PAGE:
Your audience is already there, and they’re looking for answers. You’re in the business of advising people, and forums like Quora and Reddit exist explicitly for people to talk about their problems and seek advice.
When you’ve posted your answer to a question, anyone who looks up that question will be able to see your answer, so the usefulness of your response continues. Once your response has been published, as long as it remains on the internet, it helps you build your online presence and reputation.
It can take time to become an online expert.
#2. Guest blogs
How it works
You look for existing blog sites where your target audience likes to hang out, and that you thoroughly enjoy reading (this last bit is important). Then you build a relationship with the blogger or the person who manages that site – primarily by reading their blog, engaging with them (commenting on their posts), and then asking if you can support them with content.
Then you pitch a blog idea to them. It needs to be an idea that appeals to the blogger, because it offers them (ergo their readers) an interesting insight or follows on from a post they’ve already written, and that benefits to you, because it tackles challenges your potential clients want solutions to. If that person says yes to your idea, you draft up the post, ask to include a link into your website, and submit it to them for posting.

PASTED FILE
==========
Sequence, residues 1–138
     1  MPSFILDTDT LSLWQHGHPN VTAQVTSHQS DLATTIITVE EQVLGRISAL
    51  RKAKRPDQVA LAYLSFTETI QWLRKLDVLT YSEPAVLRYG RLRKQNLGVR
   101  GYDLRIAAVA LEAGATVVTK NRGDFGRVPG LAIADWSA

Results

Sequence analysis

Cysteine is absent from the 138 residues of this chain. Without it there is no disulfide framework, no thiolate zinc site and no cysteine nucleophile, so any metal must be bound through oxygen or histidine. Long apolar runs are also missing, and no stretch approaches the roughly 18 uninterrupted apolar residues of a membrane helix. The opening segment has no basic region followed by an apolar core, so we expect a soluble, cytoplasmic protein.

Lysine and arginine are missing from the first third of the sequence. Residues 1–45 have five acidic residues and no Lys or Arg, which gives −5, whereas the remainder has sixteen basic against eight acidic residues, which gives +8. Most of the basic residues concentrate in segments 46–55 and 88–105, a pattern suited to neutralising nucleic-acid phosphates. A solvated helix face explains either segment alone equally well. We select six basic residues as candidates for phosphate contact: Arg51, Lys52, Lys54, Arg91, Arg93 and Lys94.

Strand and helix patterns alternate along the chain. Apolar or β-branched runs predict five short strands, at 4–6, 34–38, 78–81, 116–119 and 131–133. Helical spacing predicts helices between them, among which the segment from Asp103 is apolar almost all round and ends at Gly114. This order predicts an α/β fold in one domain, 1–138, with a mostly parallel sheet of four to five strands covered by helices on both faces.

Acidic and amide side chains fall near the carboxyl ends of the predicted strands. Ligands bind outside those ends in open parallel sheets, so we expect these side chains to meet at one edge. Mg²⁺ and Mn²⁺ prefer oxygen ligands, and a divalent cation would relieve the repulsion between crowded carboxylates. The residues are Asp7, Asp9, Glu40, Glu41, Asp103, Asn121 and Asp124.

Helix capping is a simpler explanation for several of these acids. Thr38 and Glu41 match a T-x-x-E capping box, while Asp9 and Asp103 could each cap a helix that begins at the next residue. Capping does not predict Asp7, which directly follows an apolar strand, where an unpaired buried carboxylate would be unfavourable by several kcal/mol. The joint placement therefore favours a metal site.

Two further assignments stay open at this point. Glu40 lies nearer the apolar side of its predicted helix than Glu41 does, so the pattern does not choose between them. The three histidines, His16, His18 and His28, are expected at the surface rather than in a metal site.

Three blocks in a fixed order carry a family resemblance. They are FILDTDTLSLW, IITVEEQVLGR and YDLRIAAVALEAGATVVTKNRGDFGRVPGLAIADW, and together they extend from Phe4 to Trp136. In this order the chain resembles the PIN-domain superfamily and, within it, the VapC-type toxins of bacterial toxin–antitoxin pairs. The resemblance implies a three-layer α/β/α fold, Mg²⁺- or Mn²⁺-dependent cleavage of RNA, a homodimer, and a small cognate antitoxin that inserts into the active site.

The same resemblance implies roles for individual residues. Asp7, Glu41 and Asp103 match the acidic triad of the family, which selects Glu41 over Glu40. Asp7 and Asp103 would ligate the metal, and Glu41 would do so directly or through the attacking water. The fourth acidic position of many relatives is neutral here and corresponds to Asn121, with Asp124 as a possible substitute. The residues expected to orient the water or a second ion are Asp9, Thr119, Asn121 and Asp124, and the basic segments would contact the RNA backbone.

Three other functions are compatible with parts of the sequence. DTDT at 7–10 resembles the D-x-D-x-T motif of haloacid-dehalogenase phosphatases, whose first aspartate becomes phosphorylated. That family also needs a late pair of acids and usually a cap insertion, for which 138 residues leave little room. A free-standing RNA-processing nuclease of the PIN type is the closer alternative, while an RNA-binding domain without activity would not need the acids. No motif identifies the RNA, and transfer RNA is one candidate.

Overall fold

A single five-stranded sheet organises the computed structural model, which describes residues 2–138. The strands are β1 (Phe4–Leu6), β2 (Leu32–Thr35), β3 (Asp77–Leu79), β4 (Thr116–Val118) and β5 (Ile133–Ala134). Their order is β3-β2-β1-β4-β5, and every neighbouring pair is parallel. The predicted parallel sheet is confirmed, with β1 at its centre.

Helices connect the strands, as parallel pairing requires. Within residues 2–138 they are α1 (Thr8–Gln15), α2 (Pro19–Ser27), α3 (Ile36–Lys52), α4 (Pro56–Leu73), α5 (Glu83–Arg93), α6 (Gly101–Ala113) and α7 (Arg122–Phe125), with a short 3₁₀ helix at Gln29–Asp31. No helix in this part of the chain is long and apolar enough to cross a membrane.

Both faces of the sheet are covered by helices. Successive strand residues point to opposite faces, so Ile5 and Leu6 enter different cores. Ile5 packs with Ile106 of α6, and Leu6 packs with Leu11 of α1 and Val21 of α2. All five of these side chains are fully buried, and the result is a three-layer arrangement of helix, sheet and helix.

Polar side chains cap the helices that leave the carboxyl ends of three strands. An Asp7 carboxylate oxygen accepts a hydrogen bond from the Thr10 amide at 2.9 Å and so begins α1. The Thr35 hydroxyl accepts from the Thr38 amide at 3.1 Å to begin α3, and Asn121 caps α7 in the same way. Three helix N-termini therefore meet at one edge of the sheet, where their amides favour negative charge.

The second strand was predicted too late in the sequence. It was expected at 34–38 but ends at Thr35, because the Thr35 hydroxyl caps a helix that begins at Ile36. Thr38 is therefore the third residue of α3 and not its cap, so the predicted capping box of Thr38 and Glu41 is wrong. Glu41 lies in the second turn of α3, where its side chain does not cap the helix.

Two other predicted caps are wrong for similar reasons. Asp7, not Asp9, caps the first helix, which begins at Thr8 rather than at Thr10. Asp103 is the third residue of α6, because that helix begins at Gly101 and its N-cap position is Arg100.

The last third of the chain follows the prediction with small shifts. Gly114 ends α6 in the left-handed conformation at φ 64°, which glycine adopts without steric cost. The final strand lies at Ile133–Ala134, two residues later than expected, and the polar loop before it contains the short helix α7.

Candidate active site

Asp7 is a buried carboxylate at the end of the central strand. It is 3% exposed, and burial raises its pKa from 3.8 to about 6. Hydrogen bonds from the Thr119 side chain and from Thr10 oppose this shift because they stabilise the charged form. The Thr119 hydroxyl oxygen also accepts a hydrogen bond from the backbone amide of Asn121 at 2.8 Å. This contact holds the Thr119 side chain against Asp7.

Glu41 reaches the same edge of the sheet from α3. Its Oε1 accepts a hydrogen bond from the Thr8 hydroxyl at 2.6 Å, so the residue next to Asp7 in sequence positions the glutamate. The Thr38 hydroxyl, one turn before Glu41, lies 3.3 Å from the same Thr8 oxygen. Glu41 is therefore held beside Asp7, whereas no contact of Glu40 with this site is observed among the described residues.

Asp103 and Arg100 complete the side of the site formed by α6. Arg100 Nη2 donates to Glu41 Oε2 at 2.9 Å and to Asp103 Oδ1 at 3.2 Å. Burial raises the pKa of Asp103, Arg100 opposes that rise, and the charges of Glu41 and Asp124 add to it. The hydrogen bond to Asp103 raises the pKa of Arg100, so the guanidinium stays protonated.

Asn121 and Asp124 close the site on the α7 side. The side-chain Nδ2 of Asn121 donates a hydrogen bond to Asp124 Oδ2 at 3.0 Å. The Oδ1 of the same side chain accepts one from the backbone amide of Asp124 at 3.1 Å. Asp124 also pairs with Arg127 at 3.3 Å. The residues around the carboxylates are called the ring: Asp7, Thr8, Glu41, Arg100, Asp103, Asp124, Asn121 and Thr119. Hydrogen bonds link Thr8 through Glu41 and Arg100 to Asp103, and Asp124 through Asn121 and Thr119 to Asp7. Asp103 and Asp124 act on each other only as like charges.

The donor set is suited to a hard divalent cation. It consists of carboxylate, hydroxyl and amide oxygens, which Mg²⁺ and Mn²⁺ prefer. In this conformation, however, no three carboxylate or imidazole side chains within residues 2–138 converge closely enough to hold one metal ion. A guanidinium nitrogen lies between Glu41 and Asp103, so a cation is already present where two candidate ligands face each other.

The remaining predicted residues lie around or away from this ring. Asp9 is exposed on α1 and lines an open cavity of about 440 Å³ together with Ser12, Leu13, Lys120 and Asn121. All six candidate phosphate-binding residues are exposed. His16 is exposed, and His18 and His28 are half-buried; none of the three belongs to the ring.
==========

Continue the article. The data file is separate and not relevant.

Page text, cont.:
You’re using someone else’s traffic. You don’t have to spend months (or years) creating your own traffic to your own blog.
You can pitch a guest blog as often or as seldom as you like – you chose your timing. When you run your own blog, you need to keep it alive by posting regular content. The blog treadmill can be time consuming.
Once you’ve built up a relationship with a blogger, it becomes progressively easier to pitch ideas to them. Pitching to bloggers is not as difficult as you think. The larger blogs – often ones not run by a single individual – need, and look out for, fresh content.
And once you can pitch to bloggers, you can pitch to journalists and begin your journey into PR. If you ever want to offer expert comment or opinion pieces (oped) to a journalist, you’ll already know how to do it.